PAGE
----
October 03, 2006 12:10 IST
India's business process outsourcing (BPO) industry has the potential to process up to 30 per cent of all US bank transactions by 2010, while it currently does around 8 per cent.
"Currently, 8 per cent of US banking transactions are processed by Indian BPOs, and the figure has the potential to rise up to 30 per cent by 2010," Nasscom President Kiran Karnik said.
Many BPOs, including Tata Consultancy Services, Wipro, Zenta and Office Tiger, carry out cash recovery for American Express, Chase Bank and Capital One Bank. They collect credit card and bill payments from US citizens.
Industry sources say India does banking transactions at a substantially lower price (about 40 per cent lower than the US).
Broadly speaking, if a bank shifts work of a 1,000 people from US to India, it can save about $18 million a year because of lower wages and costs in the country.
A Nasscom-McKinsey report in 2005 stated: "Banking and insurance account for half the potential offshore (BPO) market. Providers have captured less than 10 per cent of the total opportunity, even in early-mover industries such as retail banking (including deposits and lending, credit cards, mortgages and loans) and insurance (life, health, property and casualty)."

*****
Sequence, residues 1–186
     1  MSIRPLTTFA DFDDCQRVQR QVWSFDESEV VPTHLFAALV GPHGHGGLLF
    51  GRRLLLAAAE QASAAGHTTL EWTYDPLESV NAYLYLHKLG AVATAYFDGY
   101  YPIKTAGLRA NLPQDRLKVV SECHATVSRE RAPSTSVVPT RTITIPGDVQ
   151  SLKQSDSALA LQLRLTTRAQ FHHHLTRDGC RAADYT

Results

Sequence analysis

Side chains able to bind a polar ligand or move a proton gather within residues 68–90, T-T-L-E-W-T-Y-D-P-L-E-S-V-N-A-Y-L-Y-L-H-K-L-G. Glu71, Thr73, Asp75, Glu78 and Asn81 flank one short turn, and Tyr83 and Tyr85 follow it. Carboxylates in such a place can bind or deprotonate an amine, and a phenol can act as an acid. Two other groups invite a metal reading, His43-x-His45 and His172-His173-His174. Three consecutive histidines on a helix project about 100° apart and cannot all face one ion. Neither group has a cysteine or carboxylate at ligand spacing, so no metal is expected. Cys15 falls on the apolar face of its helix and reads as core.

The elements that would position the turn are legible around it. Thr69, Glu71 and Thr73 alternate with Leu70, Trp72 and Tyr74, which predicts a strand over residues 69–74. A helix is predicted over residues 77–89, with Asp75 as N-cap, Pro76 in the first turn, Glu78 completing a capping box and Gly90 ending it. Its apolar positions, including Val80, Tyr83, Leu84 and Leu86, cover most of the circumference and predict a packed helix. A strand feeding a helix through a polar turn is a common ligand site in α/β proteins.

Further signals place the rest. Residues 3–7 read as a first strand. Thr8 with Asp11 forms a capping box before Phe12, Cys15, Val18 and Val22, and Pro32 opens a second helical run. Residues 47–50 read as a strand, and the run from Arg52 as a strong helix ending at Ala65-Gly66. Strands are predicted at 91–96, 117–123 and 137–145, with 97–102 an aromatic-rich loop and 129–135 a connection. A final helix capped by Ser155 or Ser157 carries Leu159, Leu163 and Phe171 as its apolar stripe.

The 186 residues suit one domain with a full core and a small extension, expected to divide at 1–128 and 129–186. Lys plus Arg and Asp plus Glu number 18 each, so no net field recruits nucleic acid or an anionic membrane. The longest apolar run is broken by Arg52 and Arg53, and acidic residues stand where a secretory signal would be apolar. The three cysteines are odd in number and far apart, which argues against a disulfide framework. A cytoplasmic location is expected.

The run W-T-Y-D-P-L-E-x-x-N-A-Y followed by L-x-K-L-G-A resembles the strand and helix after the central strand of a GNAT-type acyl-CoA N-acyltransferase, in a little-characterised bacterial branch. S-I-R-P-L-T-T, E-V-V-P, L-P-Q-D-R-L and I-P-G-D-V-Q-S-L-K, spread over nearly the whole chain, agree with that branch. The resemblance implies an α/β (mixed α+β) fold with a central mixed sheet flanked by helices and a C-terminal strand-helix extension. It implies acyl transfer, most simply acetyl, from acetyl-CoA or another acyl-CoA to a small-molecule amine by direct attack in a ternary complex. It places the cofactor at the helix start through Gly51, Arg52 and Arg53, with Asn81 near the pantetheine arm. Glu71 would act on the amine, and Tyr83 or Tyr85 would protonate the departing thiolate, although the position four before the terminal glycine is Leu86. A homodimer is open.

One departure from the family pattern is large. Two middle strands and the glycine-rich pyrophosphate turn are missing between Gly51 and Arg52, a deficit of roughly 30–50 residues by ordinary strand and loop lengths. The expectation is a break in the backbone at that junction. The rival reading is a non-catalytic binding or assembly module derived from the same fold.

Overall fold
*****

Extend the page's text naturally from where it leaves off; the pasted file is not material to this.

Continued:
US-based NRIs, who hold important positions in many US multinationals and are in a better position to understand the advantages of outsourcing to India as well as the risks involved, are seen as key elements influencing the decision to outsource to India.
Some US and UK multinationals operating in the country such as Citibank, GE and British Airways saw an early opportunity and their success in BPO offered a good case study for others to follow, sources said.
Many have started to see the country as a safe haven, too. Forrester said leading Indian companies "are way ahead of others in terms of process, methodology and delivery".
It emphasised that the issue of security breaches 'is not offshore-centric'. A research conducted by Forrester in 2005 said there were more security breaches in the UK and the US than in India, Karnik said.
Moreover, according to the findings of Financial Services Authority survey in April 2005 to review the risks involved in offshore outsourcing, Indian firms were aware of the general and firm-specific risks and were already undertaking appropriate actions to mitigate them.